Speculative Series: Establishing Your World
“Hi, my name is Lemiah, and I’ll be your guide through the fictional world of Aparnu,” said no character ever! Any writer will tell you the first few pages of a new story are essential in hooking the reader, establishing character, setting the tone, building conflict, and so much more. But writers of speculative fiction have an even greater challenge in those first pages: introducing readers to the rules of their world. What do readers need to know when? How much explanation is too much? And how can a writer create mystery without leaving readers uncertain about their world?
In this session, we’ll work together to identify the fine line between establishing a world and info dumping, discover creative strategies for integrating exposition with conflict and character, and examine how your opening scene can do double or triple duty, expressing character, world, and theme all at once. We’ll take a look at openings from published writers like N.K. Jemisin, Catherynne M Valente, Daniel Jose Older, Charlie Jane Anders, Maria Dhavana Headley, G Willow Wilson, Tananarive Due. Then we’ll work through exercises to put those skills into practice.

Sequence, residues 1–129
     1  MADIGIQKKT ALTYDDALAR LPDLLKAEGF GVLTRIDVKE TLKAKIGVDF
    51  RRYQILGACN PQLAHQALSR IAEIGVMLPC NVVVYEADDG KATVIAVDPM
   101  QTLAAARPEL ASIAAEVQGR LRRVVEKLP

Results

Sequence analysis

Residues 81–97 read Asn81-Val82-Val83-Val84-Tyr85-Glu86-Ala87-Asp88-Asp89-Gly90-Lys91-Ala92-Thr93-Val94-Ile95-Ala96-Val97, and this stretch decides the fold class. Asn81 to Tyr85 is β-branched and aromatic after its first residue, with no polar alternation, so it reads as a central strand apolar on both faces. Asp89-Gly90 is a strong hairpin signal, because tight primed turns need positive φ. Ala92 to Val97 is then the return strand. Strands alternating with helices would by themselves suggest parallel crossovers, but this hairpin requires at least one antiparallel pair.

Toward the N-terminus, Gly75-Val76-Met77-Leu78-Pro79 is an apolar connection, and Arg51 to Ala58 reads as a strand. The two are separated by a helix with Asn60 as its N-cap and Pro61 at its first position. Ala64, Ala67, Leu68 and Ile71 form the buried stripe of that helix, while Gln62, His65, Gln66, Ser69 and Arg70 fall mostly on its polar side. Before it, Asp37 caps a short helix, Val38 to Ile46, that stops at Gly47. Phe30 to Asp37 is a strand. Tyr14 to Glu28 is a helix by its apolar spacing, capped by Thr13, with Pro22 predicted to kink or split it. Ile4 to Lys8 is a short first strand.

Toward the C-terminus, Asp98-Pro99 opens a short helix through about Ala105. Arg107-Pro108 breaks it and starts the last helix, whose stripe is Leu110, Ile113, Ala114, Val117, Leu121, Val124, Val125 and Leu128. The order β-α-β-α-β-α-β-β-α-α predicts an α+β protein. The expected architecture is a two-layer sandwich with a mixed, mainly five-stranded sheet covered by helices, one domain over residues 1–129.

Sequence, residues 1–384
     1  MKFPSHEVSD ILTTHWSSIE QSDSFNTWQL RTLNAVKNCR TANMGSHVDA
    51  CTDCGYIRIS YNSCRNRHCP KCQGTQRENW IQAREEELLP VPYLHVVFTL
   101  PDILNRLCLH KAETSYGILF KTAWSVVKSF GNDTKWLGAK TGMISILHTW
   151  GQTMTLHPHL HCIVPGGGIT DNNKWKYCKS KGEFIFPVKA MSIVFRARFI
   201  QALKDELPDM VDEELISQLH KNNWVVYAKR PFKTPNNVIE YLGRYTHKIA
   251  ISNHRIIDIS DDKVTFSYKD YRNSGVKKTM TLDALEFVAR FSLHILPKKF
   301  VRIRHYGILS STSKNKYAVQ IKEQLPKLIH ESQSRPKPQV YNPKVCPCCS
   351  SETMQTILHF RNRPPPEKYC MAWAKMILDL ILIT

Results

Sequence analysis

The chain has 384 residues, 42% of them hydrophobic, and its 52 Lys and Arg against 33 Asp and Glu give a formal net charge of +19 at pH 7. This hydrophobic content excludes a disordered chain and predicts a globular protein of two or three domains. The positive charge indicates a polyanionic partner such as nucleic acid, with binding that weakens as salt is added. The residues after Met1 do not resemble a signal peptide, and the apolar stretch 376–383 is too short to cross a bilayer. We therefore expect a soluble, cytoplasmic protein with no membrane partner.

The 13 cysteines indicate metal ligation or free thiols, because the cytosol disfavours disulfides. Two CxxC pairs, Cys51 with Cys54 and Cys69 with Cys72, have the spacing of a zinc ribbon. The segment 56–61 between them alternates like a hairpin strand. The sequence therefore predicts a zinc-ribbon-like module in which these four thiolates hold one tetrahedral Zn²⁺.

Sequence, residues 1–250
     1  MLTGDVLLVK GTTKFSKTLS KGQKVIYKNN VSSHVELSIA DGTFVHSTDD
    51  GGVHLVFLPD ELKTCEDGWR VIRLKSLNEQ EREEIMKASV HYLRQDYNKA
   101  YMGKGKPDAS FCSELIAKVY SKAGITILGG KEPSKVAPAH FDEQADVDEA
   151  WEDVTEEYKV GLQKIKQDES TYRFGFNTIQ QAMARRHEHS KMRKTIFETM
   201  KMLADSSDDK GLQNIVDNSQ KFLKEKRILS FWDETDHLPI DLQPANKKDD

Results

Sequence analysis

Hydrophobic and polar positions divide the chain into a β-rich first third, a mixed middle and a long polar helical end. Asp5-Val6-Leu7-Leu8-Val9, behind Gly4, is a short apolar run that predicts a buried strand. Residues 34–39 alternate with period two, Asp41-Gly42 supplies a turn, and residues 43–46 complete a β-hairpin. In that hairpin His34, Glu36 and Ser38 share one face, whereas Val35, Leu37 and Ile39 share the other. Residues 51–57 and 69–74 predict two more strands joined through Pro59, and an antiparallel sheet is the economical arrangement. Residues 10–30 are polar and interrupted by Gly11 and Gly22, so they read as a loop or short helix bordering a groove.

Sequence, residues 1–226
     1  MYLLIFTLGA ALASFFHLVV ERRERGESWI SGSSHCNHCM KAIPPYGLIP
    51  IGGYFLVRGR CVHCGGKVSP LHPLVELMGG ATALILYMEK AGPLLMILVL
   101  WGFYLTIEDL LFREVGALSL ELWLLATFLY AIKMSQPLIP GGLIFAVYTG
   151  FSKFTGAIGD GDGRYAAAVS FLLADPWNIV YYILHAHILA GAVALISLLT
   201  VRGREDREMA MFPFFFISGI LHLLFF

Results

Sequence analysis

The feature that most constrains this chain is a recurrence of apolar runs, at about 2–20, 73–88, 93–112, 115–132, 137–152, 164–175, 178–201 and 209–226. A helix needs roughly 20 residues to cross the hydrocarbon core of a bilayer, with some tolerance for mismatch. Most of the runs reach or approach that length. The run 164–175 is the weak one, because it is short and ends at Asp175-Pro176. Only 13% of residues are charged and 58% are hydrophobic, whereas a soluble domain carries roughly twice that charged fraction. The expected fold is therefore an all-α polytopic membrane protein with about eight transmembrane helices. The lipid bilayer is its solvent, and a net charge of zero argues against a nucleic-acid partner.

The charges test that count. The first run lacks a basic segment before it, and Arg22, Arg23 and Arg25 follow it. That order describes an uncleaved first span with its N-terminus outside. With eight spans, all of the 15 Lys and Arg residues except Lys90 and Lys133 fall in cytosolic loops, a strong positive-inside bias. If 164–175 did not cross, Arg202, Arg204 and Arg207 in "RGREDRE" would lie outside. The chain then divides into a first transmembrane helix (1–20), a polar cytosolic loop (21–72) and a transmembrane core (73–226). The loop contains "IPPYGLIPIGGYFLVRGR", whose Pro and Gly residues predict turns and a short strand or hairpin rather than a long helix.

This class will take place using Zoom videoconferencing. About 15 minutes before your class is scheduled to begin, you'll receive an email from your instructor with a link to join the class meeting!
Thanks to the excellent literary citizenship of our donors, scholarships are available for all GrubStreet classes. To apply, click the gray "APPLY FOR SCHOLARSHIP" button. In order to be considered for a scholarship, you must complete your application at least one week before the start date of a class. Please await our scholarship committee's decision before registering for the class. We cannot hold spots in classes, so the sooner you apply, the better. Scholarships cannot be applied retroactively.
For more more detailed information about GrubStreet scholarships, including how to contribute to scholarship funds for other students, click here.
Previous Students Say
- "Inspired Me to Write More"
- "Inundated with Great Info"
- Generate New Work
- In-Class Writing
- Instructor Feedback
- In-Class Reading
- Class Discussion
- Concept Development
- The Novel
- Short Fiction